Oyster Pond; 590/87-40-26, fax 590/87-40-84; doubles from $175. The crew at Captain Oliver's delights in informing guests that they're half in France, half in the Netherlands. It's the truth, more or less, since the lodge spills across the French-Dutch border of St. Martin and Sint Maarten. More significantly, Captain Oliver's has a great location on a prime cove, an old-fashioned seafood restaurant (try the cod fritters), 50 pleasant rooms, and a big marina. The best view is from the pool, which looks across to St. Bart's. The captain's only folly: a miniature zoo with caged monkeys and toucans.

163 Blvd. de Grand Case, Grand Case; 590/87-56-85, fax 590/87-83-88; doubles from $90. You might mistake Hévéa for a simple restaurant. The porch blackboard beckons with filet de canard miel (fillet of duck in honey sauce) and langouste grillé thermidor. But step inside, beyond the white-linen dining parlor, and you'll find a dollhouse-sized inn decorated in French colonial style--carved mahogany headboards, stucco walls, painted pine beams. Tiny gardens and fountains are tucked into corners and along passageways. There are two rooms, three studios, and three suites; go for one of the studios--by far the biggest and best spaces.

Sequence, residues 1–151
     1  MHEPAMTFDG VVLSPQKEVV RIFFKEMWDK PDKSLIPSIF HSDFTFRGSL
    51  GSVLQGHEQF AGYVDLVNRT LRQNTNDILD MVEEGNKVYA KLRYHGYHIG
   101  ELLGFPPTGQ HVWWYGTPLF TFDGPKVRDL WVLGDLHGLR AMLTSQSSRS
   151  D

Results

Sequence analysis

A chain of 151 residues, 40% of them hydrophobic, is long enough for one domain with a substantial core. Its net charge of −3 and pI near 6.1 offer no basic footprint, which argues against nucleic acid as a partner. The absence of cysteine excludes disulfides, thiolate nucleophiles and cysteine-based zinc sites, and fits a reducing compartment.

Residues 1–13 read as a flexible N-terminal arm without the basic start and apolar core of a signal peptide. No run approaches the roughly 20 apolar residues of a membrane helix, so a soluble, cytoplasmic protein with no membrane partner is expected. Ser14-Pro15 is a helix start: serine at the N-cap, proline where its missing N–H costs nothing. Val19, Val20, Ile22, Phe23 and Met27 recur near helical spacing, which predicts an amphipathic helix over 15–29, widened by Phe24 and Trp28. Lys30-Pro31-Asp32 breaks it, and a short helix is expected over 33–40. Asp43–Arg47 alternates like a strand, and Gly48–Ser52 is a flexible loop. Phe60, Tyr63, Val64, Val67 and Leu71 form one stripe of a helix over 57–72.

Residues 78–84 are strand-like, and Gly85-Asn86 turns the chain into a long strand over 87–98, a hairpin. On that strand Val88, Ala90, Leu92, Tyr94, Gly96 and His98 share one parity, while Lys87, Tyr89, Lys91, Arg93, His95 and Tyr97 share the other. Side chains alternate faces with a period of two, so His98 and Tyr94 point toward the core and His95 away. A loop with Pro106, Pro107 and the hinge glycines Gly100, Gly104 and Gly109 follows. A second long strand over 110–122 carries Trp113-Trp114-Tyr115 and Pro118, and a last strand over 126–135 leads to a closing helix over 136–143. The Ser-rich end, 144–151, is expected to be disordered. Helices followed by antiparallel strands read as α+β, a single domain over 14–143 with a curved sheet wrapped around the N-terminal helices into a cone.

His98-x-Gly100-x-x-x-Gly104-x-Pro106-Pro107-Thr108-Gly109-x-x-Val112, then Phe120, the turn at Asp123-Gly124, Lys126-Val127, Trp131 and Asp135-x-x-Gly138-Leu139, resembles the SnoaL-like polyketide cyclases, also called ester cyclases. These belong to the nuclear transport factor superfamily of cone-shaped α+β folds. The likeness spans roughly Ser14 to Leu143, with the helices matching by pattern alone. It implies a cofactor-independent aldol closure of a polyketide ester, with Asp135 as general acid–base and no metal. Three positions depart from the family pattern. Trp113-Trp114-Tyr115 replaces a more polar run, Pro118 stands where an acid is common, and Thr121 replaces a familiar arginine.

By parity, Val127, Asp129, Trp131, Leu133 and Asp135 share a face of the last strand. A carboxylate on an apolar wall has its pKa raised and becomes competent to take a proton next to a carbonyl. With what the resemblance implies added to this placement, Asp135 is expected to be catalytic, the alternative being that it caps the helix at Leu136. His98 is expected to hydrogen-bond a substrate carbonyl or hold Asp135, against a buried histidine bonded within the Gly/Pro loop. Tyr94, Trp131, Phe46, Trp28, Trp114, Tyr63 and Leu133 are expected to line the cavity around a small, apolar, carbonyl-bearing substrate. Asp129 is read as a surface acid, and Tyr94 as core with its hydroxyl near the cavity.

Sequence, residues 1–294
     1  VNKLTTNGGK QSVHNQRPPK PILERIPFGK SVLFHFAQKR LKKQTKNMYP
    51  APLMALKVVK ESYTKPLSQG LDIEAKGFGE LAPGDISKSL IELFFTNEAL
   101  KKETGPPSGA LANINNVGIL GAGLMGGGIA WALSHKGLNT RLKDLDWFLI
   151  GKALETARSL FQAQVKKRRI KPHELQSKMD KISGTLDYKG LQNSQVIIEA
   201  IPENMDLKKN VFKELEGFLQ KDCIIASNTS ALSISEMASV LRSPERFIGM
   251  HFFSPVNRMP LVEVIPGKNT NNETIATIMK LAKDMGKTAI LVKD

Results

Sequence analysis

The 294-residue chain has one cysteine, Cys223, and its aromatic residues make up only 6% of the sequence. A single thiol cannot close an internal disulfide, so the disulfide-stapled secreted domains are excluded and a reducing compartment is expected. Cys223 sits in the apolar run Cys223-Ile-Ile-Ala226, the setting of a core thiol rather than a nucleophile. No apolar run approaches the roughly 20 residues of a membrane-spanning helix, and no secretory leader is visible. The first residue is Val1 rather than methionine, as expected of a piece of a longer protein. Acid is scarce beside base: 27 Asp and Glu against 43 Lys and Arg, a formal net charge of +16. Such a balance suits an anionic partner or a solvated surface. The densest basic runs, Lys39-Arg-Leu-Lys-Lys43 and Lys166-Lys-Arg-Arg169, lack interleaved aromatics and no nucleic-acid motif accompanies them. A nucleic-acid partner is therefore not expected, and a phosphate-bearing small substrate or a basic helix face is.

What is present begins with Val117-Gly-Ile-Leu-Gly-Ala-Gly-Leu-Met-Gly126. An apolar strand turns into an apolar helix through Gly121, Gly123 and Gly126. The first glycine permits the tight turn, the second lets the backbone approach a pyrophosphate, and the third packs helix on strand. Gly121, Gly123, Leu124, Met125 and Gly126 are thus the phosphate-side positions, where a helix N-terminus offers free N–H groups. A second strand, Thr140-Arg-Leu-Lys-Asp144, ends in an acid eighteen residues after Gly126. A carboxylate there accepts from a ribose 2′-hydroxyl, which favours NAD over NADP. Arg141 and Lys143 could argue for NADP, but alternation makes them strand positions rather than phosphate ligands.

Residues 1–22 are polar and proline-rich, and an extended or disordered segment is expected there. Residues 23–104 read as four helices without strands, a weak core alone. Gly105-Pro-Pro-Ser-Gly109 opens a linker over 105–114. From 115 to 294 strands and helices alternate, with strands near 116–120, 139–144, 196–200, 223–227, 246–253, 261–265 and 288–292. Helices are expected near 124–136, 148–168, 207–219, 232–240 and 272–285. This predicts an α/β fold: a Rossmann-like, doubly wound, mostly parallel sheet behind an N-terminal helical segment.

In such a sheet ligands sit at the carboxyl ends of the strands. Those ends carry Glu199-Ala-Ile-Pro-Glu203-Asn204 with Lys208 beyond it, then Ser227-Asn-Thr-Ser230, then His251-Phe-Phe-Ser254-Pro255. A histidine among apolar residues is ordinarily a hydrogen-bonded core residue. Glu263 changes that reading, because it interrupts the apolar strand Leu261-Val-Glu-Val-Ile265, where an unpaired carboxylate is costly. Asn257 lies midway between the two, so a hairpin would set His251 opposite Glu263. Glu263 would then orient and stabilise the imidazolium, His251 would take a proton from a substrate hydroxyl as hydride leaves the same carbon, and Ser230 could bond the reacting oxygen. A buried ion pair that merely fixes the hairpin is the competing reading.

Harmony Hall
Brown's Bay, near Freetown; 268/460-4120, fax 268/460-4406; doubles from $120. Built around a 200-year-old sugar mill, Harmony Hall is best known for its fabulous restaurant (local fish, olive oil from Italy) and its lovely little gallery, which stages monthly exhibitions of Caribbean artists. Even without advertising, the word is spreading about Harmony's other treasure: six inexpensive guest rooms. Though they are spare--think two chairs and a king-size bed draped in mosquito netting--paintings from the gallery and views of the electric-blue bay brighten the space. Stop by the bar in the sugar mill, which attracts a fair share of yachtie types. There you might have a rum punch with the elegant Italian managers Ricardo and Marilisa Parisi, who keep the place running in style.

Manta Lodge